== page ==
Turkey, Cyprus and gas deposits: What you need to know
July 17, 2019
A storm may be brewing off the coast of Cyprus in the Mediterranean Sea: Turkey has sent two drilling ships to waters claimed by Cyprus and the EU has announced sanctions. DW takes a look at how the situation escalated.
The EU has decided to impose economic sanctions on Turkey for its role in the Cyprus gas dispute. Even so, Ankara has announced it will continue its controversial drilling operation, and will send a fourth ship to the area for additional exploratory drilling. Greek and Turkish Cypriots are at a loggerheads over who is entitled to extract the lucrative natural resource.
How the the dispute originate?
In recent years, a US oil company discovered a gigantic gas field off the island's south coast. Experts assume that it may hold 227 billion cubic meters of gas — a find worth approximately €40 billion ($44.8 billion US dollar). In theory, good news — but bad news for an already volatile region. Cyprus, the third-largest island in the Mediterranean, has been split into a Turkish-administered north and Greek-controlled south since 1974. And both sides now lay claim to the gas, which has led to serious tensions.
When the Greek Cypriot side permitted international energy companies to extract the gas, they sent ships to explore the area. The Turkish side, meanwhile, felt betrayed by this move and dispatched navy ships. In February 2018, tensions escalated when a ship operated by Italian energy company ENI, exploring the gas field on behalf of the Greek Cypriot government, was prevented by Turkish warships from doing so. Tensions escalated even further this year when Turkey dispatched its drill ships "Fatih" and "Yavuz" to the gas-rich region. They have begun carrying out research efforts and exploration drills aided by a third vessel.
Why are the Greek and Turkish sides in disagreement?
The Greek Cypriot side deems Turkey's explorations off the island's coast a violation of Cypriot sovereignty and thus as "illegitimate." It argues that the law of the sea entitles it to an exclusive economic zone (EEZ) extending 200 miles into the sea, allowing it to exploit any natural resources within this area. But the complicated political situation in Cyprus means this law is not easy to apply.
When Greek Cypriot officers carried out a coup to take control over the island and unite it with Greece in 1974, Turkish forces occupied the island's north. It has kept this part of Cyprus, the self-designated Turkish Republic of Northern Cyprus (TRNC), under its control ever since. Only Turkey, however, recognizes the TRNC as an independent country with its own claim to an EEZ. Thus, Turkish Foreign Minister Mevlut Cavusoglu argues that the Turkish Cypriot side has the "sovereign right" to exploit gas in the region.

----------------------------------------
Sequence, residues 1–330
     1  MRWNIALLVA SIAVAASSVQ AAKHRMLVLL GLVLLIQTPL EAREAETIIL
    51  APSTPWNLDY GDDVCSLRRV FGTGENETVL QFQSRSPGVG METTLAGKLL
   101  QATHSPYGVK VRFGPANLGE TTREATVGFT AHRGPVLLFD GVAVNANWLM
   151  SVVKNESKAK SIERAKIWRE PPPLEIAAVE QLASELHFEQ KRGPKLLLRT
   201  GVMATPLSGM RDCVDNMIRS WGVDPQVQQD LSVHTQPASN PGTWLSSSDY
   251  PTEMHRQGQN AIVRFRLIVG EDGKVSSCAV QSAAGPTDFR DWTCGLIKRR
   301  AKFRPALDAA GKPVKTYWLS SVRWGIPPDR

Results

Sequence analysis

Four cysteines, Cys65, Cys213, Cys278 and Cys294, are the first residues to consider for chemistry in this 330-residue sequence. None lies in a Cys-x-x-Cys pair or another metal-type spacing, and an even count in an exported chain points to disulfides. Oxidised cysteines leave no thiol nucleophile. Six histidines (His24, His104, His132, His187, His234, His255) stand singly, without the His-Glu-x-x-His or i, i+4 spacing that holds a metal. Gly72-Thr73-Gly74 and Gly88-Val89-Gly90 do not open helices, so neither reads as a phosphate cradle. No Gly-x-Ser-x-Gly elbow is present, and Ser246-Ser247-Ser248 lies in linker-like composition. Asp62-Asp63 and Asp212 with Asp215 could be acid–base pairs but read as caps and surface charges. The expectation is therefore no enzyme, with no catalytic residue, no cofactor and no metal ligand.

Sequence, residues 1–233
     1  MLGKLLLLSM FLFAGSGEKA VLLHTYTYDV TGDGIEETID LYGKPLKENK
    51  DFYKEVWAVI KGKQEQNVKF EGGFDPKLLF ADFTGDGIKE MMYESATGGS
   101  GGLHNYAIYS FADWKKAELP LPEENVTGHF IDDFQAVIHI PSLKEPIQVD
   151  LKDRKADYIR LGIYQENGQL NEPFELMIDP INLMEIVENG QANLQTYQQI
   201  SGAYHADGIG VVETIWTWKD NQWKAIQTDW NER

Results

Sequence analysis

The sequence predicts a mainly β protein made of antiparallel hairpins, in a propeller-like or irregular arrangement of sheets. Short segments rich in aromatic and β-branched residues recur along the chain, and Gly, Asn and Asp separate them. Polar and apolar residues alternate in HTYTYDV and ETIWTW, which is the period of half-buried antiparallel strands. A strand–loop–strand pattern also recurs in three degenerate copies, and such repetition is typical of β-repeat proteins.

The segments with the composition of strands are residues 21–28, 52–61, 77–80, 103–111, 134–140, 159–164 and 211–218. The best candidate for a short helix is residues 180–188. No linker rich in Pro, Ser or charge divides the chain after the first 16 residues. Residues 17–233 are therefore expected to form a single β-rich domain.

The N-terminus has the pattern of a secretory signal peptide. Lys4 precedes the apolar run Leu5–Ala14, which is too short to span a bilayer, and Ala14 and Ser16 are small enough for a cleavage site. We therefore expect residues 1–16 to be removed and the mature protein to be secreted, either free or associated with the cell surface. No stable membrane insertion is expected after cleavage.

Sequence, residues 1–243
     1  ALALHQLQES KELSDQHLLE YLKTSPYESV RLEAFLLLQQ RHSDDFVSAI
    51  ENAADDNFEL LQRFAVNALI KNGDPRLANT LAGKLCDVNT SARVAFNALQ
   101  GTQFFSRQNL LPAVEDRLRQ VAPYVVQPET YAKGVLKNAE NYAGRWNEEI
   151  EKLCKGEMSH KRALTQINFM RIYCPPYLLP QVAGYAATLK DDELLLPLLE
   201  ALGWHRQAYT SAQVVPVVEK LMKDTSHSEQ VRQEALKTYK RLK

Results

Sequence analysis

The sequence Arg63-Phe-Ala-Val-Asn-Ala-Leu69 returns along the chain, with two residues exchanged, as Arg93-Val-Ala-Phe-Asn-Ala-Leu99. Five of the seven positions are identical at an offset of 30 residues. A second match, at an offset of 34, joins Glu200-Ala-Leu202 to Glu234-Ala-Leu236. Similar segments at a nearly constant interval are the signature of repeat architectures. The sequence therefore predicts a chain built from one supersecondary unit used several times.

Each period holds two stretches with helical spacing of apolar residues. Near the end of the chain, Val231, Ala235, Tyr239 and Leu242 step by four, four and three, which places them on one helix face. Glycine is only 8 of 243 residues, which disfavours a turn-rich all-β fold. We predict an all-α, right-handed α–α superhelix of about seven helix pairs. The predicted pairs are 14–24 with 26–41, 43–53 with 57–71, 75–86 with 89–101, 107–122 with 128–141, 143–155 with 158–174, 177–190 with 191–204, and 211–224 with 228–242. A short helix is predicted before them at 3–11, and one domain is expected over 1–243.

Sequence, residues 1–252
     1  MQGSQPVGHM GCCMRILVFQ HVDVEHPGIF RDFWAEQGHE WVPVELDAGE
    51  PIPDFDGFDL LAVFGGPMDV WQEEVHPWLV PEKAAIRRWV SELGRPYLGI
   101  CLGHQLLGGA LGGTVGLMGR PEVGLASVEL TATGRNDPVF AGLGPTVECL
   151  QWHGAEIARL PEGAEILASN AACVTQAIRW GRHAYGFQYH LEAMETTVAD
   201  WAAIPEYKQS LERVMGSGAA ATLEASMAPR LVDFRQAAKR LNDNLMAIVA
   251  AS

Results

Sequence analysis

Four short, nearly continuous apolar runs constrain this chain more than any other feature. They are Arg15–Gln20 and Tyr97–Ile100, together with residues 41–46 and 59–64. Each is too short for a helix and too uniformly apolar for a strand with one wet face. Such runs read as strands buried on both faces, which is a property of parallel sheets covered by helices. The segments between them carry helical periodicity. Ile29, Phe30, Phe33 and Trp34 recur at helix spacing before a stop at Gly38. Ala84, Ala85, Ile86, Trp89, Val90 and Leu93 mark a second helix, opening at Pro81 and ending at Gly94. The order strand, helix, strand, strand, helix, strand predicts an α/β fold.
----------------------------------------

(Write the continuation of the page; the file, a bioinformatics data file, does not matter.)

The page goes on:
What is the EU's position?
Although Cyprus remains split into a Turkish and Greek part, the EU in 2004 opted to make the Republic of Cyprus — and thus the entire island — a member state. It does not recognize the Turkish-controlled TRNC, and regards the entire island as Greek-administered. Brussels therefore regards Turkish gas exploration off the Cypriot coast as a hostile act.
For months, high-ranking EU officials have demanded Turkey cease its gas explorations in the eastern Mediterranean. On Monday, they decided on punitive actions, opting to cut EU funds and suspend negotiations on the Comprehensive Air Transport Agreement. They also decided to cease top-level talks on business- and trade-related issues.
Demand for gas has been growing across the EU. Moreover, several member states are keen to reduce their dependence on Russia — currently Europe's biggest gas supplier — which is seen as an unreliable partner. So a vast gas field off the Cypriot coast would tick many boxes.
As Turkey finds itself amid a severe economic crisis since last summer, the EU's economic sanctions come at a particularly inopportune moment. To make matters worse, Turkey might also face US sanctions for purchasing the Russian-made S-400 missile defense system. Turkey's rocky relationship with the EU and US is also scaring off investors, which is further exacerbating its economic crisis. One would therefore presume that Turkey has little interest in further escalating the Cypriot gas dispute.
But Turkish Foreign Minister Cavusoglu's response last week to planned EU measures did nothing to ease tensions; on the contrary. "It will have no effect on us when the EU takes steps against us. It will backfire." He went on to accuse Brussels of hypocrisy: "Because the EU only sides with the Greek Cypriots, we have to protect the rights of Turkish Cypriots."
While Ankara concedes that Greek Cypriots are "co-owners" of the gas field, it insists Turkish Cypriots must agree to them extracting the resource. The Turkish government, which describes itself as a guarantor power in Cyprus, has demanded that a "constructive approach" be found to equitably split access to the gas between Greek and Turkish Cypriots. But with tensions running this high, it appears unlikely such deal will be agreed upon anytime soon.